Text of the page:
'All or None' Switch in Brain Determines Epileptic Seizure Severity

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Article
Internal Medicine World ReportApril 2014

Yale University researchers have found a single "switch" in the brains of patients with epilepsy that determines whether an epileptic seizure will be mild or trigger a dangerous, debilitating loss of consciousness.

Yale University researchers have found a single “switch” in the brains of patients with epilepsy that determines whether an epileptic seizure will be mild or trigger a dangerous, debilitating loss of consciousness.

The study, which was funded by grants from the National Institutes of Health (NIH) and published April 11, 2014, in Neurology, showed there was no gradation of impairment during seizures, as the subjects were either alert or completely unaware of their surroundings.

Hal Blumenfeld, MD, PhD, professor of neurology, neurobiology, and neurosurgery at Yale and senior author of the study, said his research team expected to discover different levels of awareness among epileptic patients who experience focal seizures, which are localized to certain areas of the brain. Instead, they found that patients are able to respond to questions during some seizures, but in other episodes, they are unconscious to their environment.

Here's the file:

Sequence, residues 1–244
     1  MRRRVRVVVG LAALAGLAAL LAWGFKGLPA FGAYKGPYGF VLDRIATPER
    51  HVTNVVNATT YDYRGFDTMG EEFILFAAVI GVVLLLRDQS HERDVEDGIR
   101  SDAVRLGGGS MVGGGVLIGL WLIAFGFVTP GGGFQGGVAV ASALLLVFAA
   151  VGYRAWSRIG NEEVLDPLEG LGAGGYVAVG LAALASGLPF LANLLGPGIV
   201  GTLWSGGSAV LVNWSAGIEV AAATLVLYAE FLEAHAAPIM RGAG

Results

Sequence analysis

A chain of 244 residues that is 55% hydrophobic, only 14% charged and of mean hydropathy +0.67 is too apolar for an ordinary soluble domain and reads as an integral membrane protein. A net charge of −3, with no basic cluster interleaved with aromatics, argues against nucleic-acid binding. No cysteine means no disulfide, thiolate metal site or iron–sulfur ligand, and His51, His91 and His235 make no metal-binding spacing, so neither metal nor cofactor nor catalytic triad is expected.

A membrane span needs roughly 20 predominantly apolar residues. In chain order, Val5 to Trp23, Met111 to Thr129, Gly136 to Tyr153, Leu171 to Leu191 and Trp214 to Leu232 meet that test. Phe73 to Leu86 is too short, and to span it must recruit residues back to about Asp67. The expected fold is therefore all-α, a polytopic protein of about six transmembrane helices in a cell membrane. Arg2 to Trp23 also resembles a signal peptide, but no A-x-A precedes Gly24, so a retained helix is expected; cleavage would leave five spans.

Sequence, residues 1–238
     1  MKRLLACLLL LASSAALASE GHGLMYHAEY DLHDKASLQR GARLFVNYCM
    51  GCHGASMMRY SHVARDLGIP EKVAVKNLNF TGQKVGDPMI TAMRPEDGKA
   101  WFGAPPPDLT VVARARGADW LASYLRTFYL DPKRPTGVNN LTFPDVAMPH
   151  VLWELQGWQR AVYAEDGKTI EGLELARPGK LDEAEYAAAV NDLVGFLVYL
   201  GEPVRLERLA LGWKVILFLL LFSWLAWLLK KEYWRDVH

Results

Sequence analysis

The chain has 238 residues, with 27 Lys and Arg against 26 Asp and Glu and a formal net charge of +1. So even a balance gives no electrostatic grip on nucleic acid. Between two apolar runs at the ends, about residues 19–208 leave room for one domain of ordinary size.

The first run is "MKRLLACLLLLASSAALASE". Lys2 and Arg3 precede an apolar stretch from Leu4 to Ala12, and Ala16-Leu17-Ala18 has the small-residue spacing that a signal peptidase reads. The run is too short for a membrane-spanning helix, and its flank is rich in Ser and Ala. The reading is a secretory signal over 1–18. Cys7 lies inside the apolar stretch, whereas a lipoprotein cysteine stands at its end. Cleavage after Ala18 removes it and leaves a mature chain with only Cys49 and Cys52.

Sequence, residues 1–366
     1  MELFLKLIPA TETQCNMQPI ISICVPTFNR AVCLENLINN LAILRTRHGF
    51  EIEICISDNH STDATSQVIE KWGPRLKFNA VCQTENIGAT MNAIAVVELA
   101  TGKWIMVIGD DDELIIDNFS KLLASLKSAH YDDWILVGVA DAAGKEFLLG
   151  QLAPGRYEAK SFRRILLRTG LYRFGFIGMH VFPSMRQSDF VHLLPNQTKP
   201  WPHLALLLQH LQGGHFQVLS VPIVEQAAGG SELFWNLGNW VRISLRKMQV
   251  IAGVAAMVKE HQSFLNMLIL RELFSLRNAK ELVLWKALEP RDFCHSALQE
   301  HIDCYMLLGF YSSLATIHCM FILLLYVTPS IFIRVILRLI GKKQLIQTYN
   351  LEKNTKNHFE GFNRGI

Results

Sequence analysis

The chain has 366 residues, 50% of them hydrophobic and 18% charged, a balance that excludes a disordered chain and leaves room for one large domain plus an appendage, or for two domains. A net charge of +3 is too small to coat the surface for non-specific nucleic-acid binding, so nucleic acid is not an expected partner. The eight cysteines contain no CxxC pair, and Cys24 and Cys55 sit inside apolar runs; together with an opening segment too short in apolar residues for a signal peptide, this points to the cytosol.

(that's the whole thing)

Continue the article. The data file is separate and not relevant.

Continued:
“During seizures, patients may report a funny, fearful feeling, tingling in their arm, or some quirk in their vision, but are able to answer all our questions,” Blumenfeld said in a statement. “At other times — boom — all of a sudden they are in a daze.”

Blumenfeld said previous studies have shown the “all or none” switch rests in areas of the brainstem that play a part in waking and paying attention to surroundings. The current findings suggest medications that treat narcolepsy or therapies such as deep brain stimulation may help patients with intractable epilepsy.

Although the researchers’ ultimate goal is to prevent seizures, Blumenfeld noted that for one-fifth to one-quarter of epileptic patients, seizures happen no matter what therapies are administered. For those patients, the researchers supposed therapies that can prevent loss of consciousness would greatly improve quality of life.

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